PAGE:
Divided Yet Productive: How Colorado Had a Gridlock-Free Year
The state’s split legislature passed more than 400 bills, some of which address longstanding issues.
“Compromise” has become such a loaded word in American politics that Colorado state Rep. KC Becker refuses to use it. She prefers the term “common ground” instead. But regardless of the word used, Becker has helped craft dozens of successful compromises this year.
Becker is the Democratic leader in the Colorado House, which her party controls. Republicans hold a narrow majority in the state Senate. Given the partisan split, legislators in both parties decided to do things the old-fashioned way, working out deals that left both sides a little unsatisfied but nonetheless afforded them victories. “A lot of people got the message that it was really time to work through differences and resolve things,” Becker says. “On each side, people were more willing to come to the table and stay until we found the common ground that would get folks to yes.”
The result was a lot of legislation -- more than 400 bills signed into law this year by Democratic Gov. John Hickenlooper. Lawmakers didn’t just produce in bulk, however. They resolved issues, such as Medicaid and state regulation of construction, that had tied them in knots for years. The leaders in both parties and in both chambers were new this year. Early on, they reached informal agreements to avoid the public and personal attacks that can render negotiations needlessly difficult. “We made a concerted effort in Colorado to make sure gridlock didn’t happen,” says Cole Wist, an assistant Republican leader in the House. “Given divided control, if you want to be an effective legislator, you have to find people to work with on the other side.”
Medicaid was perhaps the most complicated issue, due largely to the state’s byzantine hospital fee structure. The way it works is that hospitals send money to the state based on the number and type of patients they treat. Those funds are matched by the federal government through Medicaid. The state then puts the total amount of money into a blender and sends it back out to the hospitals based on various formulas. But the fee program was bumping up against the state’s strict cap on overall spending. Finding a way to separate the fee system from the budget as a whole was necessary to prevent hundreds of millions of dollars’ worth of cuts to the Medicaid program, which would have been devastating for hospitals, particularly in rural areas.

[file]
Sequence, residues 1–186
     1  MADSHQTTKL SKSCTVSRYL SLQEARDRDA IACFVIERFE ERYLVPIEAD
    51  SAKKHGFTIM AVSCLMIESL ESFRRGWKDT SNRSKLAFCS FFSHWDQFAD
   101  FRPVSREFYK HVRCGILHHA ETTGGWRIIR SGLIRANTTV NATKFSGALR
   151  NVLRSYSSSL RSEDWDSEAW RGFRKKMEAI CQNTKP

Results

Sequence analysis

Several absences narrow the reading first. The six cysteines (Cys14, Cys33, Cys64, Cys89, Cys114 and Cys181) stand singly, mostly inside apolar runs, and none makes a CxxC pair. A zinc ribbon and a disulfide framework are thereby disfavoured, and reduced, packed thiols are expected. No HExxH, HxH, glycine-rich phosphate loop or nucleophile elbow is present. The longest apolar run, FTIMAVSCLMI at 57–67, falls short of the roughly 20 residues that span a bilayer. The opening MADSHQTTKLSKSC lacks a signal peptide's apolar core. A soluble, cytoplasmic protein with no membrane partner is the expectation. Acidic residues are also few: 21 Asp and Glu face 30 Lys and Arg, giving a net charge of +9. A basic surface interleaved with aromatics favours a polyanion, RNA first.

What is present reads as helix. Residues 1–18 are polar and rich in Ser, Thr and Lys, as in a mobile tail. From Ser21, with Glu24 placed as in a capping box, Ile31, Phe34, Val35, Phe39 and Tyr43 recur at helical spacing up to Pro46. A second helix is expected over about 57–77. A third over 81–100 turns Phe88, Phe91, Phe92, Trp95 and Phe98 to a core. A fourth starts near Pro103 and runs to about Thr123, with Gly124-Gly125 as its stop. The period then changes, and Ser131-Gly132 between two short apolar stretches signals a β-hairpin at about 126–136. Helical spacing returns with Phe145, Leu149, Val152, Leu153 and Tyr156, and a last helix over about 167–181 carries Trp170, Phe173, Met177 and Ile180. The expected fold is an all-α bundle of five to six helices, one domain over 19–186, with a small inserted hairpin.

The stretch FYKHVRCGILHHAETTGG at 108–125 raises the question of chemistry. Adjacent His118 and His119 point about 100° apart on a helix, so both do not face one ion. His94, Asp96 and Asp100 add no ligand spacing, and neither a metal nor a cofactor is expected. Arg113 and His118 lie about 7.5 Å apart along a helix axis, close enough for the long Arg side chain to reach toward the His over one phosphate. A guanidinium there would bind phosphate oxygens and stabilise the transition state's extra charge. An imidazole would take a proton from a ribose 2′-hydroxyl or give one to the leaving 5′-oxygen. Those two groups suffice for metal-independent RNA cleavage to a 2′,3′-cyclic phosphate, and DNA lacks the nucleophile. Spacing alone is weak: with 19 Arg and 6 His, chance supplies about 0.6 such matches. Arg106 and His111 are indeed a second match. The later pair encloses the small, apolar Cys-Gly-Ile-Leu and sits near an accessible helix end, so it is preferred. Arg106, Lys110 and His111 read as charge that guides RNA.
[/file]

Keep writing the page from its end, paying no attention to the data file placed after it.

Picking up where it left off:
A bill passed this spring removed the hospital fees from the general budget. It disappointed some legislators by lowering the state’s cap on overall spending, but it attracted members in both parties with increased funding for roads, along with a tax break for small businesses. In other words, there were enough goodies for both sides to win sufficient bipartisan support for passage. “We made some concessions on it, and so did the Democrats,” says GOP state Sen. Larry Crowder.
The same was true when it came to construction. Thanks to a law passed more than a quarter-century ago, it’s been easy in Colorado for small groups of homeowners claiming to represent others to sue developers for construction defects. Over time, this has had the effect of hampering construction of condominiums, since builders felt they were exposed to too many legal threats. For years, lobbyists on both sides of the issue managed to exploit differences between the parties. This year, a bipartisan working group was able to shut out that noise and stick together on a plan.
Next year is an election year. Maybe things will turn rancorous again. But for at least one session, a divided legislature functioned well by embracing values that were once taken for granted but have become scarce. Legislators relearned the old lesson that compromise can be more productive than posturing. “If you’re not interested in finding common ground,” Wist says, “you shouldn’t be in this job.”